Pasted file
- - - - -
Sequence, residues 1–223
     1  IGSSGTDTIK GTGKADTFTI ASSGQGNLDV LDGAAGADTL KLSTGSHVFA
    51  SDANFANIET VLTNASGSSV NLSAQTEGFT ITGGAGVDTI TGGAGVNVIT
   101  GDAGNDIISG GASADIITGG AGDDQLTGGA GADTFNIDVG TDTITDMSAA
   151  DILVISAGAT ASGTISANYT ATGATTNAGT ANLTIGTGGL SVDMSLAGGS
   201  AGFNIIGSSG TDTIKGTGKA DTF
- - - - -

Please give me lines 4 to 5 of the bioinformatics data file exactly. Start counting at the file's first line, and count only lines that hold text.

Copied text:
   101  GDAGNDIISG GASADIITGG AGDDQLTGGA GADTFNIDVG TDTITDMSAA
   151  DILVISAGAT ASGTISANYT ATGATTNAGT ANLTIGTGGL SVDMSLAGGS